I have some advice for District Attorney Nico LaHood. He didn’t ask for it and he is unlikely to take it. But it is good advice, friendly advice.
Nico should call off his war against the Express-News.
The conflict became public two months ago when Nico used Facebook to post an angry screed accusing the paper of dishonesty.
“There is clearly an agenda to attack me and the District Attorney's office,” he wrote. “They continuously ignore the truth and fail to report the facts.”
After proclaiming his own courage and honesty, Nico wrote, “I fully expect the Express-News will continue this slanted journalism. Many of us see the unsettling reality that journalism is turning from objective reporting to profit-driven opinion creation.”
More recently, Nico barred an entire Express-News contingent — a photographer, a reporter and a columnist — from his bombshell press conference announcing that he would seek the indictment of Genene Jones for murder. She’s the ex-nurse who has served more than 30 years in prison for killing babies in Kerrville in the early 1980s. She was sentenced to 99 years, but is scheduled to get out early. Nico wants to prevent that by resurrecting the unprosecuted cases of babies who earlier died under her care in Bexar County.
It was a ham-handed move by the DA, and as history shows, a self-defeating one. In the short run, the Express-News got the news in other ways and gave it a favorable ride, but perhaps not with as much depth as if they had access to Nico.
In the long run, history shows a more corrosive effect of warring with the press.
Example number one: A top aide to Fred Rodriguez, one of Nico’s DA predecessors, complained to an editor about my coverage of him. She suggested that they sit down and talk to me. His direct quote: “Oh no. He’s our enemy for life.” Rodriguez lost his next election.
Rodriguez didn’t lose because he quit talking to me. He lost because that was symptomatic of a condition that is fatal to politicians: thin skin. Let me give three examples of politicians who handled criticism much more effectively.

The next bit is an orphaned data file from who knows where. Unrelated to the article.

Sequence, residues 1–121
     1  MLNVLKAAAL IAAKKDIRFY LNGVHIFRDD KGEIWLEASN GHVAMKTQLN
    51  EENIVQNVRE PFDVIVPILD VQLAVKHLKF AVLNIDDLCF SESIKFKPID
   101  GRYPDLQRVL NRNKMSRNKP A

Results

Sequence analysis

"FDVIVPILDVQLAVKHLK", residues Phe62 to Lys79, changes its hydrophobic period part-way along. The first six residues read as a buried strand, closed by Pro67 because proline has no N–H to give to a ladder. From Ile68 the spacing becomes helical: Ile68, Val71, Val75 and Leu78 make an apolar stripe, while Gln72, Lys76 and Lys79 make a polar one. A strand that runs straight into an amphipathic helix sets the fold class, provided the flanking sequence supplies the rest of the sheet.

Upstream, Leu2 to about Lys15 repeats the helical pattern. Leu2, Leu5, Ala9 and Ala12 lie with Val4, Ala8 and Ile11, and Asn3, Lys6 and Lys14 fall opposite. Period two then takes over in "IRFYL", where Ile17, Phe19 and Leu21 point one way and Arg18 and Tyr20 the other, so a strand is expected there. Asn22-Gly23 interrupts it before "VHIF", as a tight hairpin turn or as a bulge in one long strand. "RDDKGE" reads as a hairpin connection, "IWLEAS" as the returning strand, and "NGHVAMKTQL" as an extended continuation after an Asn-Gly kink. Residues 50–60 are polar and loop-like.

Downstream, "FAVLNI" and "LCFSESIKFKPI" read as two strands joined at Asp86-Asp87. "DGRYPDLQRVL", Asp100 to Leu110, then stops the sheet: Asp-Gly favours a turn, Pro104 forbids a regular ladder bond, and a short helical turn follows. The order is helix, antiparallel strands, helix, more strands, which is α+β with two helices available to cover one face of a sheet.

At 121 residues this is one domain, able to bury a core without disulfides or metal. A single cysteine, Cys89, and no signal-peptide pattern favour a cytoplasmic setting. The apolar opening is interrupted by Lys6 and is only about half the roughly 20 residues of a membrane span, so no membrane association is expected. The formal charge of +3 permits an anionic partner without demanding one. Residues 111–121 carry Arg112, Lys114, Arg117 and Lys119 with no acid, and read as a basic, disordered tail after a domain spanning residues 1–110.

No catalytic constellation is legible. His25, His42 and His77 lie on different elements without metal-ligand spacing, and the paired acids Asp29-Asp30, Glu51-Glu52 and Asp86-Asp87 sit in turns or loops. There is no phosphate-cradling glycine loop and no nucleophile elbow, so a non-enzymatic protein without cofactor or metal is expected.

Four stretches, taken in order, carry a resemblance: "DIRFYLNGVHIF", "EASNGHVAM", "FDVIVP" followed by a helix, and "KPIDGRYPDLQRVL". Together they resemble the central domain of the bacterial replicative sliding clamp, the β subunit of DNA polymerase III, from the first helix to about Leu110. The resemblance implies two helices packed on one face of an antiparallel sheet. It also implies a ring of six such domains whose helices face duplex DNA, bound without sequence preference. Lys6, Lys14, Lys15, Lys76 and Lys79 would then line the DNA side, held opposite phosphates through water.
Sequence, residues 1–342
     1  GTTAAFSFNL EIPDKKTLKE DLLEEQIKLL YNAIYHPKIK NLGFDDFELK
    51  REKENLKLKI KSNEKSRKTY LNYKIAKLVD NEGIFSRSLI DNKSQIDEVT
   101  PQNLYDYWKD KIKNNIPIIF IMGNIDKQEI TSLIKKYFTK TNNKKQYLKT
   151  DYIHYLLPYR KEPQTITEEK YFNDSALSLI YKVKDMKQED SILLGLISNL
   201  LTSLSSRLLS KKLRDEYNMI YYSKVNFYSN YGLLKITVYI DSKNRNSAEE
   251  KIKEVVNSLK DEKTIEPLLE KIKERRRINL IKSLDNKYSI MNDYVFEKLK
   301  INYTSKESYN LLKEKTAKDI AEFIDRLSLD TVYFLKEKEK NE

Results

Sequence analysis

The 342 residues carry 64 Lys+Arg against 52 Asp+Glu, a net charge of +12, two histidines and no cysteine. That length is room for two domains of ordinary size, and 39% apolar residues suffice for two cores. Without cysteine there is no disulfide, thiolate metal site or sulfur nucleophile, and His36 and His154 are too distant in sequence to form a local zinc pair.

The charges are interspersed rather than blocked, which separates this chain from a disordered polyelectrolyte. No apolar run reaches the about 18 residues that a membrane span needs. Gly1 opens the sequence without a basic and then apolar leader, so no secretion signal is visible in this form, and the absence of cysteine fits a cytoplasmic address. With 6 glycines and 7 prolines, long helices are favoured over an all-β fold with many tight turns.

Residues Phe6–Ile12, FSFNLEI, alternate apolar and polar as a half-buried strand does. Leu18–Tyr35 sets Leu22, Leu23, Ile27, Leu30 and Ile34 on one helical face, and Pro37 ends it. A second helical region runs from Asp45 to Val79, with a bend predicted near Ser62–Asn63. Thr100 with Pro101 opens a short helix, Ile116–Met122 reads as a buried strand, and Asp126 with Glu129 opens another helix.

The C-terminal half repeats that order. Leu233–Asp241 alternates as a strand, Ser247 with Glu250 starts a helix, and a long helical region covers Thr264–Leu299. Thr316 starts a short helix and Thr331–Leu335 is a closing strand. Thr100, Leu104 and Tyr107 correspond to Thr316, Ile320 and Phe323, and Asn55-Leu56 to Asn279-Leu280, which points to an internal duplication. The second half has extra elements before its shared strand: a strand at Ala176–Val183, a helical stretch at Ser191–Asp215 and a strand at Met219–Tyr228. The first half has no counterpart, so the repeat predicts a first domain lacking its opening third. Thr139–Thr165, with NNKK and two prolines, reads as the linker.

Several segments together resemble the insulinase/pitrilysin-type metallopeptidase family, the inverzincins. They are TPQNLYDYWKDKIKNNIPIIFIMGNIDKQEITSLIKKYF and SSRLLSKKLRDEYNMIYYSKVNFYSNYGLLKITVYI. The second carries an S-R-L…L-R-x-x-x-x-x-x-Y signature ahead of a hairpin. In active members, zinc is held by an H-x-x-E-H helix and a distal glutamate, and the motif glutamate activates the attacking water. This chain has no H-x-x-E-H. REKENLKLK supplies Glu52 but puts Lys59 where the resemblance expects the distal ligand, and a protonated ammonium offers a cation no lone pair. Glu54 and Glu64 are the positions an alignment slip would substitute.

I almost could set my clock by the mid-morning phone call I would receive from Mayor Lila Cockrell any time I wrote a less-than-favorable column about her. It would always begin the same way. “Rick,” she would say in a friendly tone, “I would like to visit with you about your column.”
She would calmly lay out her objections, often ones of nuance rather than fact. They were good points. The result wasn’t that I would never criticize her, but it encouraged me to check out her reasons first and to be inclined to praise her when the opportunity arose.
When Nelson Wolff objected to a column, his phone calls were loud, forceful and unprintable. But the next time I would see him or call him he would be as friendly and open as ever.
Then there was an event with City Manager Lou Fox. I had enraged Lou with a Sunday column on the infamous 1988 police union contract. He was so angry that the next morning he fired the city’s finance director, Carl White, who had been with the city 36 years. White’s sin was to have given me an actuarial report that showed the cost of the contract’s retirement health benefits was going to be much more than staff estimates. Carl believed all such information belonged to the public.
As it happened, I worked out at the YMCA that Monday during a lunch break and, afterwards, found Lou with his back to me in the shower. It was a typical men’s gym shower with spigots coming out from the four walls and no stalls or other barriers. So there was no avoiding an encounter. “Good afternoon Lou,” I said. And the response of the angry man?
He turned around, stuck out his hand and said, “Hey Rick! How are you? How are the wife and kids?”
And we stood there naked, shaking hands and making small talk. That helps explain why Lou set what was then a San Antonio record for city manager longevity.
Think about it Nico.